The word for “this” in verse 34 is the demonstrative adjective, so Christ seems to be referring to “that” generation which sees “these things begin to come to pass.” That generation will see all these things fulfilled! To that generation He says: “Lift up your heads; for your redemption draweth nigh” (Luke 21:28). HMM

Satisfied with Second Violin?

Know ye not that they which run in a race run all, but one receiveth the prize? So run, that ye may obtain. —1 Corinthians 9:24

There was a celebrated Englishman who sat with a friend once, watching and listening to a philharmonic orchestra. As they listened, the Englishman watched a man playing second violin. He was playing it well, but he was second violin. The Englishman said to his friend, “See that man there playing second violin? If I were playing second violin in that orchestra, do you know what I would do? I would never rest day or night until I was playing first violin. And then I would never give myself rest day or night until I was directing that orchestra. When I got to be director I would never rest until I had become a composer. And when I got to composing music for the orchestra I would never give myself rest until I was the best composer in England.”

The children of the world are sometimes wiser than the children of light. We have been offered not the directorship of a great orchestra, but glory and truth unsearchable. We have been offered the face of God and the glory of Christ. We have been offered holiness and righteousness and indwelling by the Spirit. We can have our prayers answered and have hell fear us because we have a hold on God who invites us to draw on His omnipotence. We are offered all this, and yet we sit and play second violin without ambition. RRR021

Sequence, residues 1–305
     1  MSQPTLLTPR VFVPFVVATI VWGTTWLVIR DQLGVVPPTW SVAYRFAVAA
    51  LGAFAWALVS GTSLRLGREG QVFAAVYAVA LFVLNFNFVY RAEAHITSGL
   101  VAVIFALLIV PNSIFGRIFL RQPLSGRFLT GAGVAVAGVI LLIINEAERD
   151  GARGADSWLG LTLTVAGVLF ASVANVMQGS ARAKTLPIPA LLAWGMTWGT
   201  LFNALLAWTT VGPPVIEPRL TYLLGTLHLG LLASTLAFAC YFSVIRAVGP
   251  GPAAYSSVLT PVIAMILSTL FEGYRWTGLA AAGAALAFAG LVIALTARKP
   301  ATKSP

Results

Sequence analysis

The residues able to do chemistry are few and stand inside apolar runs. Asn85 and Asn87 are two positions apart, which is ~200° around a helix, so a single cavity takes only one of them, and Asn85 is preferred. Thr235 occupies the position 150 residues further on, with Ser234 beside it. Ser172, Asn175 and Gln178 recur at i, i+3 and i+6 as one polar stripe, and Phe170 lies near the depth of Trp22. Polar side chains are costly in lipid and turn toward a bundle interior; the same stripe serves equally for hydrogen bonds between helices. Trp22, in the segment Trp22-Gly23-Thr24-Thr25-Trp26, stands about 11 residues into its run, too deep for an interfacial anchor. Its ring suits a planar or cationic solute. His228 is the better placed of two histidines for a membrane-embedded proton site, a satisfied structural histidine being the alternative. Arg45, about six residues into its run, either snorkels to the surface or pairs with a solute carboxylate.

Lord, don’t let me be satisfied with second fiddle. Strengthen me to run in such a way that I might be all that You want me to be, for Your glory. Amen.

Are You Child of Two Worlds?

Jesus answered, My kingdom is not of this world. (John 18:36)

In the kingdom of God, the surest way to lose something is to try to protect it, and the best way to keep it is to let it go. This was the word of our Lord Jesus Christ: “If any man will come after me, let him deny himself and take up his cross!”

Christ turned from the fallen world of Adam and spoke about another world altogether, a world where Adam’s philosophy is invalid and his technique inoperative. He spoke of the kingdom of God whose laws are exactly opposite to those of the kingdom of men.

So, the true Christian is a child of two worlds. He lives among fallen men, but when he is regenerated, he is called to live according to the laws and principles that underlie the new kingdom. He may, then, find himself trying to live a heavenly life after an earthly pattern—and this is what Paul called “carnal” living. That is why it is vitally important to move up into the life of the Spirit of God. Give up your earthly “treasures” and the Lord will keep them for you unto life eternal!

Seeing that we have such a God to trust

Seeing that we have such a God to trust to, let us rest upon him with all our weight; let us resolutely drive out all unbelief, and endeavor to get rid of doubts and fears, which so much mar our comfort; since there is no excuse for fear where God is the foundation of our trust. A loving parent would be sorely grieved if his child could not trust him; and how ungenerous, how unkind is our conduct when we put so little confidence in our heavenly Father, who has never failed us, and who never will! We have been in many trials, but we have never yet been cast where we could not find in our God all that we needed.